In July, South Africa suffered worst violence since the 1990s. Roads were blocked and businesses, warehouses and other property looted and burned. More than 300 people died.
In mid-October, people were again shocked when a group of men, said to be Somali nationals, openly brandished high-caliber weapons during a fight between Somali shop owners and local taxi drivers in public view in Gqeberha, Eastern Cape.
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Not long after 56 people, said to be disgruntled military veterans, they were arrested after allegedly taking two government ministers and a deputy minister hostage in Pretoria. Supposedly demanded compensation for his role in the liberation struggle against the white minority government.
I teach political risk analysis, in essence, the study of potential damage to the stability and future of a country. The work involves providing new and comprehensive analyzes of current South African political risk each year. This has to be based on a variety of variables, ranging from ‘government legitimacy’ to ‘safety and security’ to ‘socio-economic conditions’ and many more.
The concept of failed state is contested. But generally, it applies to states where administrative, political, and economic systems have become so weak that key government functions become inoperative or even disintegrate.
This, in turn, affects a government’s ability to support or improve the living conditions of the majority of its citizens.
Looking at South Africa, it can be argued that some things in the country remain the same since 1994 in terms of broad macropolitical country risk profile. However, serious political risks, such as war, revolution, a coup, hostile neighbors, military involvement in politics, remain relatively low.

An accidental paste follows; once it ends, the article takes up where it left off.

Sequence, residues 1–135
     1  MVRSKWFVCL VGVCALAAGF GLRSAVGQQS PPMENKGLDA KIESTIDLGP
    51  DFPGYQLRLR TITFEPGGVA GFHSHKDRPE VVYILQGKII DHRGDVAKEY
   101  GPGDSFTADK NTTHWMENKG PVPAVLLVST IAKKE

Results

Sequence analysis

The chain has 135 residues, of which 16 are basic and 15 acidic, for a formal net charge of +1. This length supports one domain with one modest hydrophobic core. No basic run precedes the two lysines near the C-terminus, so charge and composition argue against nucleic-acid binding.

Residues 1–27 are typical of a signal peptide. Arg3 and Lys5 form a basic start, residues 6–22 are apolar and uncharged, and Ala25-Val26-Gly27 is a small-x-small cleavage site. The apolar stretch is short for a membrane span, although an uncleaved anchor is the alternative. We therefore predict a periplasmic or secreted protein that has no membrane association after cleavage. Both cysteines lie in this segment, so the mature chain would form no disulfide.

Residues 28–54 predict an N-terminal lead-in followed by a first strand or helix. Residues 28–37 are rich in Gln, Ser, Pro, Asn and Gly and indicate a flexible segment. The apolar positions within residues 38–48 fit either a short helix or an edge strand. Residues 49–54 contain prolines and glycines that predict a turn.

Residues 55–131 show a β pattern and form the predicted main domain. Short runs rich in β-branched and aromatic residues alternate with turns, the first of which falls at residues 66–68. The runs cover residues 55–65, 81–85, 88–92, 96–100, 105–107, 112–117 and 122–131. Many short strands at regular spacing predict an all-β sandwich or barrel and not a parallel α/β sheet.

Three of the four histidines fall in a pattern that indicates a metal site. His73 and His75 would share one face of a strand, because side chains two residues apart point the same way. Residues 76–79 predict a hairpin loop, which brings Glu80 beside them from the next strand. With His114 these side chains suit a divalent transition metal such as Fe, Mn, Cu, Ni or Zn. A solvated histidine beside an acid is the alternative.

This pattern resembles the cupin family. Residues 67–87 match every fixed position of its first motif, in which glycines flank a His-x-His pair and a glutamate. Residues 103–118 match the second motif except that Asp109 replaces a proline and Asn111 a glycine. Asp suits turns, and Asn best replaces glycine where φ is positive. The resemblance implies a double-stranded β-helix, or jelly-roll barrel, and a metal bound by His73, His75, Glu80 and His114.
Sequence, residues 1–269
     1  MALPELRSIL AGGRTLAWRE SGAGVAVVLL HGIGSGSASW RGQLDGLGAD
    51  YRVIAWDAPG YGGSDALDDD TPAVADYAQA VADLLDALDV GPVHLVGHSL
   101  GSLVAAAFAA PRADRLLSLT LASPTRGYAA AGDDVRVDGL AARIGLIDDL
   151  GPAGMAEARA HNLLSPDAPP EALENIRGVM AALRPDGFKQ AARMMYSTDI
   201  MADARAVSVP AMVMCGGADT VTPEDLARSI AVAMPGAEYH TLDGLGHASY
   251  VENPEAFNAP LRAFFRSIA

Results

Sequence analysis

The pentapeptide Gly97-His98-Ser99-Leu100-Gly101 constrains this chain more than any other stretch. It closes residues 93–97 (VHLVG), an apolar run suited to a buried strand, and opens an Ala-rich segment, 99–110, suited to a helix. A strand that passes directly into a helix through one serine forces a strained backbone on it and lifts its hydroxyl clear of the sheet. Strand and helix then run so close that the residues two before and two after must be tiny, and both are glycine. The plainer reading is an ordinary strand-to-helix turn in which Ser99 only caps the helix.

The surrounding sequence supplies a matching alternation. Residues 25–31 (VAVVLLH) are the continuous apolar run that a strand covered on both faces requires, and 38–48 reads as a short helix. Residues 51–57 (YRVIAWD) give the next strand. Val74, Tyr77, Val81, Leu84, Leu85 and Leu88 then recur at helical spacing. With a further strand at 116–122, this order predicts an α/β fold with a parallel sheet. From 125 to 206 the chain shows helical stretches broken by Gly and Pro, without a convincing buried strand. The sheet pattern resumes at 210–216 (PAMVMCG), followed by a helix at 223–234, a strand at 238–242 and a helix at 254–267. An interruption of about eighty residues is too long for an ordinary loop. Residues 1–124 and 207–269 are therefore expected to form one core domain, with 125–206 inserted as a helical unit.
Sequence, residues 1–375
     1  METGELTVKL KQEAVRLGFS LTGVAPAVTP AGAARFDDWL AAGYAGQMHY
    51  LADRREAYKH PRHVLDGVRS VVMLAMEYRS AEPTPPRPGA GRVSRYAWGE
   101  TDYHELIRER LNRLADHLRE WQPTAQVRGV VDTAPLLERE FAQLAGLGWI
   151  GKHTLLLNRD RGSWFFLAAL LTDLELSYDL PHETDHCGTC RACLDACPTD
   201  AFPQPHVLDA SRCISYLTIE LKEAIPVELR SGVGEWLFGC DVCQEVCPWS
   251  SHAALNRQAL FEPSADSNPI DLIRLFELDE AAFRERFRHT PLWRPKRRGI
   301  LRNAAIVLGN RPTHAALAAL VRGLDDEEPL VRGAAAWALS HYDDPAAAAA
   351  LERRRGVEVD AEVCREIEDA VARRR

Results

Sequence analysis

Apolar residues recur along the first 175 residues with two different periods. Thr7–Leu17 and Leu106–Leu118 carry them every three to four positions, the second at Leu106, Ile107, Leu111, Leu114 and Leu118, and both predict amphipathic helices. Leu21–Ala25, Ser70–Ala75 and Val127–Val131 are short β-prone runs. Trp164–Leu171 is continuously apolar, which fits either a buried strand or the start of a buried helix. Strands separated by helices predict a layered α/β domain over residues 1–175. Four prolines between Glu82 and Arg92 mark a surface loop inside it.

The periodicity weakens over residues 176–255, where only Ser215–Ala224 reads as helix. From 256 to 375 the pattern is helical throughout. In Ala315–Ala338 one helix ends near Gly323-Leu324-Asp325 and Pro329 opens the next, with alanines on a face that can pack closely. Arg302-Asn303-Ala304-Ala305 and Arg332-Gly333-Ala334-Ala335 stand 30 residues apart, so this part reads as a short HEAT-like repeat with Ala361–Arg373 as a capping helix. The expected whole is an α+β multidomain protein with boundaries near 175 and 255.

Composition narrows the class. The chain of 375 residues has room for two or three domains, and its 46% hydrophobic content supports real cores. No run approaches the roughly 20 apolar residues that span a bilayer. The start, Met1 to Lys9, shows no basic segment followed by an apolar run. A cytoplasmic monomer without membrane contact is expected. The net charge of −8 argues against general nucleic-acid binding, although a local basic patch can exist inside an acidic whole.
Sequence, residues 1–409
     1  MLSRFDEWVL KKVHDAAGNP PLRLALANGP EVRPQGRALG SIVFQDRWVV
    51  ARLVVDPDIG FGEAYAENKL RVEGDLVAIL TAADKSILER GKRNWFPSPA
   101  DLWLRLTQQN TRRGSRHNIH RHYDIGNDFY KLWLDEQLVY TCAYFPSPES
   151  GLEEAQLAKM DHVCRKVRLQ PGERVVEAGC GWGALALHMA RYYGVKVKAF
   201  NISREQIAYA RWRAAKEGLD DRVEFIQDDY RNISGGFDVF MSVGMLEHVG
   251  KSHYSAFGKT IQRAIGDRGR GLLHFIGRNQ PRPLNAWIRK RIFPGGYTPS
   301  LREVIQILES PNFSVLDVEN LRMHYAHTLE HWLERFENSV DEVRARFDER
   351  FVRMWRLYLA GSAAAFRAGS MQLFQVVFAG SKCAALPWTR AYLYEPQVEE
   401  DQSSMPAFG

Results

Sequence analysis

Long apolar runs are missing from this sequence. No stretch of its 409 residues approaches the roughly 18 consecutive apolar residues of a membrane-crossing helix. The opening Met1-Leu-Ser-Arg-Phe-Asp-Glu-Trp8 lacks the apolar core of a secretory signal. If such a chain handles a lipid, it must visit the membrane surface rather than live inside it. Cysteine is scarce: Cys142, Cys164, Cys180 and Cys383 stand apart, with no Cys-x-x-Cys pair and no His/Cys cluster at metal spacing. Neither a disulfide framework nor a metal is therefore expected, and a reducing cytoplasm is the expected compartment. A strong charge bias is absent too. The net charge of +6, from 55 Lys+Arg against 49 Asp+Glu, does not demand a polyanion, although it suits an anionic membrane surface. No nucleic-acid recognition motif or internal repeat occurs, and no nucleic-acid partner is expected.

Even violent racial or ethnic conflicts do not appear to be of great concern, as they have never substantially threatened the post-1994 democratic project.
Political risks related to various socio-economic variables are a growing concern. For example, the government’s failure to provide or facilitate sufficient housing, water, electricity Y works for millions of people it is a huge source of frustration.
As much as South Africa has changed for the better in certain areas in the sense that, for example, it has become a a more racially just society Several new red flags have started to appear in the last two decades.
The country witnessed increasing levels of violence and / or dissatisfaction associated with labor unrest. Violent protests they have become a common phenomenon. In fact, the risk in the form of violent protests for the provision of services and other the discomfort has increased markedly.
Other forms of socio-economic frustrations also increased, as well as xenophobia.
It is important to note that the cost of violence the economy is among the highest in the world. 2021 Global Peace Index Recently, the national cost of violence in South Africa is a staggering 19% of the country’s GDP. This is the sixteenth highest rate in the world.
In general, the country classified 128th out of 161 countries in the most recent Global Peace Index, which is an index that measures the peace of countries based on 23 quantitative and qualitative indicators.